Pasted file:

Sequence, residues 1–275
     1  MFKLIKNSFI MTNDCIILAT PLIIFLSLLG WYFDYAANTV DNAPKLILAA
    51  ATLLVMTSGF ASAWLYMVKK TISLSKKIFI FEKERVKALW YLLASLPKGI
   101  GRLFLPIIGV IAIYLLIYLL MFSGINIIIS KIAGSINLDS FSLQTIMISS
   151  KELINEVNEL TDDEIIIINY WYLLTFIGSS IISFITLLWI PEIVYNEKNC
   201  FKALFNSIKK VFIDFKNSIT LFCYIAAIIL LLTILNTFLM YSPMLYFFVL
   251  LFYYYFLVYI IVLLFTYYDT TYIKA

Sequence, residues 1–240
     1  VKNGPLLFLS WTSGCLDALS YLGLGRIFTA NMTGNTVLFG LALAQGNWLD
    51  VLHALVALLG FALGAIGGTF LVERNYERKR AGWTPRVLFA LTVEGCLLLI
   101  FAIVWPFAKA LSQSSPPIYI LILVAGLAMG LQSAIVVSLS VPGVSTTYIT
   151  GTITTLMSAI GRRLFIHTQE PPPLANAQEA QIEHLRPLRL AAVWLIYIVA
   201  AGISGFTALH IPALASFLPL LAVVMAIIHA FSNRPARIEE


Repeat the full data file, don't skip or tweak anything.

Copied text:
Sequence, residues 1–275
     1  MFKLIKNSFI MTNDCIILAT PLIIFLSLLG WYFDYAANTV DNAPKLILAA
    51  ATLLVMTSGF ASAWLYMVKK TISLSKKIFI FEKERVKALW YLLASLPKGI
   101  GRLFLPIIGV IAIYLLIYLL MFSGINIIIS KIAGSINLDS FSLQTIMISS
   151  KELINEVNEL TDDEIIIINY WYLLTFIGSS IISFITLLWI PEIVYNEKNC
   201  FKALFNSIKK VFIDFKNSIT LFCYIAAIIL LLTILNTFLM YSPMLYFFVL
   251  LFYYYFLVYI IVLLFTYYDT TYIKA

Sequence, residues 1–240
     1  VKNGPLLFLS WTSGCLDALS YLGLGRIFTA NMTGNTVLFG LALAQGNWLD
    51  VLHALVALLG FALGAIGGTF LVERNYERKR AGWTPRVLFA LTVEGCLLLI
   101  FAIVWPFAKA LSQSSPPIYI LILVAGLAMG LQSAIVVSLS VPGVSTTYIT
   151  GTITTLMSAI GRRLFIHTQE PPPLANAQEA QIEHLRPLRL AAVWLIYIVA
   201  AGISGFTALH IPALASFLPL LAVVMAIIHA FSNRPARIEE